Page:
ZAWTAR SHARQIYYE — Any other year, the olive harvest season would now be in full swing in Zawtar Sharqiyye, a village in southern Lebanon’s Nabatiyye region, where the majority of people make a living from farming olives and tobacco.
“This year, because of the cluster bombs, the olive harvest is lost,” said Riad Ali Ismail, head of the local municipality.
Three months after the 34-day war between Israel and Hezbollah ended, up to one million unexploded cluster bombs still lie scattered throughout southern Lebanon, according to United Nations agencies. The seemingly innocuous small bombs pose a deadly hazard to the population.
Ismail said olive farmers are among the worst affected by the conflict. “It was bad enough for us that many olive trees were destroyed in bombing during the war,” he said. “Now, facing existing losses, farmers either choose to stay out of danger but then make no money at all for their families, or to seriously risk their lives by trying to harvest what remains of the olives.”
In southern Lebanon, agriculture makes up at least 70 percent of the economy. In Zawtar Sharqiyye, Ismail said that the dependency on farming is even higher. “Ninety percent of families here rely directly on agriculture, while most of the remaining 10 percent have an indirect stake in it. Olive farming is, along with tobacco, the most critical crop for us.”
Among those taking life-threatening risks every day of the harvest in Zawtar Sharqiyye is Abu Mohamed, who did not want to reveal his full name. “What can I do? I have four young children and a wife to support. If I don’t go out into the fields to pick the olives, then who will feed us?” he said.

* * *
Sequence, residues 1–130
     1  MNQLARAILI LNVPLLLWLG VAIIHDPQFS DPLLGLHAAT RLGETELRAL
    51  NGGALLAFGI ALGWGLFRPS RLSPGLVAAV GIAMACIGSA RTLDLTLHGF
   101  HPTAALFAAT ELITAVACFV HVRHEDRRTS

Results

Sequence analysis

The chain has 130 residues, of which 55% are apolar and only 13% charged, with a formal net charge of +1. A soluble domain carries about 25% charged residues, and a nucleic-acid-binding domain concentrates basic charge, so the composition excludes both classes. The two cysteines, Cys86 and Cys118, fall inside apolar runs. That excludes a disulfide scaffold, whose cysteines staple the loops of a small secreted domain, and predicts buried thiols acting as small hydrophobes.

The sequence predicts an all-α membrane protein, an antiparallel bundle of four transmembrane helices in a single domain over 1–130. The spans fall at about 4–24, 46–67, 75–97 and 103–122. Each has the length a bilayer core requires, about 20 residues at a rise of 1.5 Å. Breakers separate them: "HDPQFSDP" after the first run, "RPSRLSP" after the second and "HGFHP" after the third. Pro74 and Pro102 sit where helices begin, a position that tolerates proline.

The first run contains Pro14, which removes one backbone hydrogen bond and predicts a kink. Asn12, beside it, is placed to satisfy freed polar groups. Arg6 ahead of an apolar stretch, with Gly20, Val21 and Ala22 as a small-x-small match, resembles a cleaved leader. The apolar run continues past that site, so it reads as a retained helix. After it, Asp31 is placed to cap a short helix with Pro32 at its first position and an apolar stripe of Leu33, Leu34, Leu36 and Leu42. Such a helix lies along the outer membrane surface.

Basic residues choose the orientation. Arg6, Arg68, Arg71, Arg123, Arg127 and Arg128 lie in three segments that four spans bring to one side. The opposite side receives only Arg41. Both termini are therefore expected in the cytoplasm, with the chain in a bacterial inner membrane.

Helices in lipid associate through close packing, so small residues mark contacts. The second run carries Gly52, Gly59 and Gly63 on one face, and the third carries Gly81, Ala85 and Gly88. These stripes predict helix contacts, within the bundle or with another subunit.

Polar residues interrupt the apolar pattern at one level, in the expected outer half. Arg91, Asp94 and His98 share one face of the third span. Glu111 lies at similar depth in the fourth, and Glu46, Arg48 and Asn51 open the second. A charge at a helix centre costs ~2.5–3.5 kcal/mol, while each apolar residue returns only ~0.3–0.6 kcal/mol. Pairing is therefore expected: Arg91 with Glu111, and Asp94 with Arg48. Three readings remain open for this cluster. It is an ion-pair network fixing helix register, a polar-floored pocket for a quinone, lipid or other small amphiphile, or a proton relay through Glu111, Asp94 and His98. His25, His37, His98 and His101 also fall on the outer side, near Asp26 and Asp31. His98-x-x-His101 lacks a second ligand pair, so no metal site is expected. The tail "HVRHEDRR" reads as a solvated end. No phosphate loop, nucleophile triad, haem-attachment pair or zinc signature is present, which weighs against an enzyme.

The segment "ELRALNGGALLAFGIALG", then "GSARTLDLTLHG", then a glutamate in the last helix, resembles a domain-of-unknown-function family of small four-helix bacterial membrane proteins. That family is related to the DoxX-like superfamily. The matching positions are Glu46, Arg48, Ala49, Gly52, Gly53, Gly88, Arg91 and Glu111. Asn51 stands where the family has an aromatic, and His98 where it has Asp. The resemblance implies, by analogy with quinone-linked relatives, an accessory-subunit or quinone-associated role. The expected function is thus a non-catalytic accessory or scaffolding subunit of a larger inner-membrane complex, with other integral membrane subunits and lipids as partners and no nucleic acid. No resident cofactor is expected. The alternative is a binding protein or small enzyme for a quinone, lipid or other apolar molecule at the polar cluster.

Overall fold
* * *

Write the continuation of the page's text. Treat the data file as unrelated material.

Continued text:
Despite concerted efforts by the government and NGOs to create awareness of the dangers that unexploded bombs pose, farming communities continue to put their lives in danger.
Abu Mohamed’s 11-year-old son, Mohamed, said he and a group of friends and relatives spend much of their free time playing in fields that are still contaminated. “We’re not afraid of the cluster bombs,” said Mohamed. “I’ve picked them up many times, nothing has ever happened. My father doesn’t say anything.”
Awareness campaigns are currently being conducted by the Lebanese government, international aid agencies and local civil society organisations and NGOs. Among the goals is to raise awareness among children in the south, by educating them, their teachers and social and health workers on the hazards of cluster bombs.
But Ismail said that more needed to be done to inform the local population against handling cluster bombs and that the war would not truly be over until all the bombs were gone.
“We haven’t seen any awareness work being done here, though the local population needs it,” he said. “With all the cluster bombs, the aftermath of the war has been more problematic and frightening than the war itself. We aren’t living in peace here, by no means.”
Israel dropped 3 million cluster bombs in southern Lebanon, according to UN estimates, of which around 1 million failed to explode. Israeli daily newspaper Haaretz reported on 14 November that the high failure rate of these cluster munitions was because “Israel opted for cheaper, unsafe cluster bombs”.
Unexploded cluster bombs have killed 22 people and injured 135 since the war ended on 14 August, according to the UN’s mine clearance agency, MACC. The agency said around 60,000 cluster bombs had been cleared so far.
As long as funding for clearance teams continues to be available, all the bombs will be cleared in 12 to 15 months, according to MACC media and post-clearance officer Dalya Farran.
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